Two of my friends asked me this week about making sourkraut, so when I made my last batch of the year yesterday I decided to take pictures of the process for them. So, if you’re not interested in how to make sourkraut (thank you, Mom, for teaching me how!) then skip this one–although Grandma and aunts might want to look at the last picture!
Shred the cabbage. I use this hand-cranked gadget, but I’ve seen kraut-cutters occasionally. They must have been more common a hundred years ago–just a series of blades in a frame that you would push the cabbage back and forth over.
Five pounds of cabbage equals five pints of kraut. (A pint a pound the world around, you know!) I was making fifteen pounds yesterday, so the first two batches went into these five quart (liter) jars.
As you continue to pack the kraut in, the salt pulls water out of the cabbage, and you end up with a lot of liquid–good reason to do this in the bowl! I failed to do that with this batch, and ended up with a wet table.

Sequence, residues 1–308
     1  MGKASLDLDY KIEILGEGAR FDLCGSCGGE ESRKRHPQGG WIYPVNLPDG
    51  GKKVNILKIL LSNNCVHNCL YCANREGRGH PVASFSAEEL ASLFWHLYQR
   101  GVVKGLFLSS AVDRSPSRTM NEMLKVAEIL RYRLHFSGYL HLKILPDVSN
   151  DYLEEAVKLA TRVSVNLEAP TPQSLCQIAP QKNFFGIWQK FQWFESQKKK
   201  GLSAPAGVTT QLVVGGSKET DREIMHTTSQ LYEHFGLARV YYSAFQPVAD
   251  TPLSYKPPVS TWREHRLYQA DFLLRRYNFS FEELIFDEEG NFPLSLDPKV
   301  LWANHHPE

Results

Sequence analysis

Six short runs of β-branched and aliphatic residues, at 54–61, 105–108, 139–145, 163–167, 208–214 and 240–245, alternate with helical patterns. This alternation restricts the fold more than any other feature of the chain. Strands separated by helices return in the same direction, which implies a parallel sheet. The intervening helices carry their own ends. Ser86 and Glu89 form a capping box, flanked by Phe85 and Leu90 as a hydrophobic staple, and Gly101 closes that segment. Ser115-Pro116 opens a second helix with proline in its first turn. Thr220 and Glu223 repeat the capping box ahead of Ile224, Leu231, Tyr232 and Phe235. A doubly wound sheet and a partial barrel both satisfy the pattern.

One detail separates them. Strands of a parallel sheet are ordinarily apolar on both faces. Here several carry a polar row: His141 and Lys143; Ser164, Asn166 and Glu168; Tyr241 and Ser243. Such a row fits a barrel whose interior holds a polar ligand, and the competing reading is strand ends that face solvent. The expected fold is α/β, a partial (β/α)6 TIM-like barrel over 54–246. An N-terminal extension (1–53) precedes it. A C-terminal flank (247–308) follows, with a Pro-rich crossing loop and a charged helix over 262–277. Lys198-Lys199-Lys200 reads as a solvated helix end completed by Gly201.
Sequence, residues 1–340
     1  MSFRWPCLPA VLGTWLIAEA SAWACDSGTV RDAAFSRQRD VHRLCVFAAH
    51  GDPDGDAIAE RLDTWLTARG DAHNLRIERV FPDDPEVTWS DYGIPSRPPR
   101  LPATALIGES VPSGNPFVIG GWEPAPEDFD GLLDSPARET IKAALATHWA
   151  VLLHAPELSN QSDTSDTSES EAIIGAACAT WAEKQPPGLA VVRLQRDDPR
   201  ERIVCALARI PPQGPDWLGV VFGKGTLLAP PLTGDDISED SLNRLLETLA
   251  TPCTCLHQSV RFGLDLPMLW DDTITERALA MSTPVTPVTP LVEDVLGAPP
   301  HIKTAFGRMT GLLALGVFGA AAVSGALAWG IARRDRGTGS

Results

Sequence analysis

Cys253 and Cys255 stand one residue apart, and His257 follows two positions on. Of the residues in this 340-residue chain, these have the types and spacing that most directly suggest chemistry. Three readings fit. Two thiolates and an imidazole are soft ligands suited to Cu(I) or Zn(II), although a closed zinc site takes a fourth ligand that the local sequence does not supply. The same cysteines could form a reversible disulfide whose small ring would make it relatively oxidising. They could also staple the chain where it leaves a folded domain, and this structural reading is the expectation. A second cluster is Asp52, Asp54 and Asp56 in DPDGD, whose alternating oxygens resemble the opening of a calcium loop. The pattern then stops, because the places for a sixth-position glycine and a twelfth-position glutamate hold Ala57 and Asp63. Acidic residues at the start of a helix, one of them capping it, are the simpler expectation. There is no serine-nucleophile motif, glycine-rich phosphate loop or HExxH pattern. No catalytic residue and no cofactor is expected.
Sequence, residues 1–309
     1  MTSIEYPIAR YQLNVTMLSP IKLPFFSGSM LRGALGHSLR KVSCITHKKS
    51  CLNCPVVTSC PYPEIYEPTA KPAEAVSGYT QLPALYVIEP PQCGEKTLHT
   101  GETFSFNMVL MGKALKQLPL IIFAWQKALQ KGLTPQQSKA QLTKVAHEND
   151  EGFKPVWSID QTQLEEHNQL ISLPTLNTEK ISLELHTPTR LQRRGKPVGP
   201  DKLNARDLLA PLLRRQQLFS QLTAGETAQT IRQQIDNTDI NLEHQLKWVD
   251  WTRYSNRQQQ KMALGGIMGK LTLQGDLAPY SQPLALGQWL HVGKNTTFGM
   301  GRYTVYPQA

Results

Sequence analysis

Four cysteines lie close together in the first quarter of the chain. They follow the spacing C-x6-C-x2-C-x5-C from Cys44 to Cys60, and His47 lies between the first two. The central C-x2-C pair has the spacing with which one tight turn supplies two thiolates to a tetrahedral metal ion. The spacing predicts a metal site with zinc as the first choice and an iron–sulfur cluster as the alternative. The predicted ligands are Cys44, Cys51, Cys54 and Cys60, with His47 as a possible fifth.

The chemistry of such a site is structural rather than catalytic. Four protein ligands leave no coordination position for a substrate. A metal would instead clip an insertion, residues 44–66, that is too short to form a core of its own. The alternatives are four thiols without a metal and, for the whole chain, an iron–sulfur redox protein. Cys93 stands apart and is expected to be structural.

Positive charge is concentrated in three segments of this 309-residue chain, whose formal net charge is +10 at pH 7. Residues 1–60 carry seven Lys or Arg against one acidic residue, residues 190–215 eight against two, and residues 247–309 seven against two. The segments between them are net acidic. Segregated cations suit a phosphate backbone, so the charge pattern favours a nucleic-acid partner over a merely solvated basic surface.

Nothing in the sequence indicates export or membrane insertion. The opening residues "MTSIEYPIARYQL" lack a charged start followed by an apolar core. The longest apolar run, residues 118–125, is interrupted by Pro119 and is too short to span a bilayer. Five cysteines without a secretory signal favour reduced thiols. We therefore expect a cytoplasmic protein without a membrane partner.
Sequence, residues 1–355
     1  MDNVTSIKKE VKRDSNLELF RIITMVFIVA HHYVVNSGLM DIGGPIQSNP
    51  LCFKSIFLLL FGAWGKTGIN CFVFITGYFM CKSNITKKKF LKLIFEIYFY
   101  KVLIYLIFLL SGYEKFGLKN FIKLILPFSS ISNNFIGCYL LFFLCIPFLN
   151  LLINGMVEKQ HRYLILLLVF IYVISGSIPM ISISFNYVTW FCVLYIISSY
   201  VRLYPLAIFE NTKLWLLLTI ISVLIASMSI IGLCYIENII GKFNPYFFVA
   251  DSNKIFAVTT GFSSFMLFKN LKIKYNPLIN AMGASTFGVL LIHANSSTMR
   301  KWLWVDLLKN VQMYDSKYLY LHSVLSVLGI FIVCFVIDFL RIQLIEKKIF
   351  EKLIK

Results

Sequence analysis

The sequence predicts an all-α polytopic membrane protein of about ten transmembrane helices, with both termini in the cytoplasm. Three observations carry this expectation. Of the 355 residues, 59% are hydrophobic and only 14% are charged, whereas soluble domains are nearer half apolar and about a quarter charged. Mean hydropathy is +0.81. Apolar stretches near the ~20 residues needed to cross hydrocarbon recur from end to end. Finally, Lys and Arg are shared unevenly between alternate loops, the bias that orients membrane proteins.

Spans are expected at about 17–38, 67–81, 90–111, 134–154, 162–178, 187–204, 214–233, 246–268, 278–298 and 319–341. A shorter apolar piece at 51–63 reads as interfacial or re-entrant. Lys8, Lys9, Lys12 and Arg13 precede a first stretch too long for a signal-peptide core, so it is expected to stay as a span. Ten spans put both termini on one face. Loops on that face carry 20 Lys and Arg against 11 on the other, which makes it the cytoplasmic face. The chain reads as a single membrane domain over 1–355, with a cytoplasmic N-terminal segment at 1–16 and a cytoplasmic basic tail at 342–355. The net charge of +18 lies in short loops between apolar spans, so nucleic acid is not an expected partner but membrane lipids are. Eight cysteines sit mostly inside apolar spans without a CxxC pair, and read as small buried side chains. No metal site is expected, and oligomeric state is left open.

For my last five pounds yesterday, I used odd-sized jars, so to find the right combination I got 10 cups of water and poured it into the jars till it exactly fit. Then I knew I had enough room for five pints of kraut.
Sorry, no picture of the end of the process–this is why! He woke up five minutes before I finished and thought the world was coming to an end because he had to wait for Mommy! I cut squares of plastic from bags I bought frozen vegetables or sugar in, and put those right on top of the kraut, to help keep out the air and protect the lids, then put on the lids. The five biggest jars, of course, take preserving jar lids and rings, and the smaller jars have their own lids. Grease the inside of the preserving jar rings so they’ll be easier to take off. The juices ooze out as the cabbage ferments, and salt water is corrosive. Mom always uses the rustiest rings she has, so as not to ruin her good ones. Mine are all pretty nice, so I just use what comes to hand. Be sure to set them on a surface that will not be hurt by the salt water, and it’s a good idea to have a way to catch it! You’ll have a fair amount coming out of the jars. Keep them in a cool, dark place. DO NOT OPEN FOR SIX WEEKS! It takes that long for the kraut to totally ferment. Refrigerate after opening. Air makes it spoil.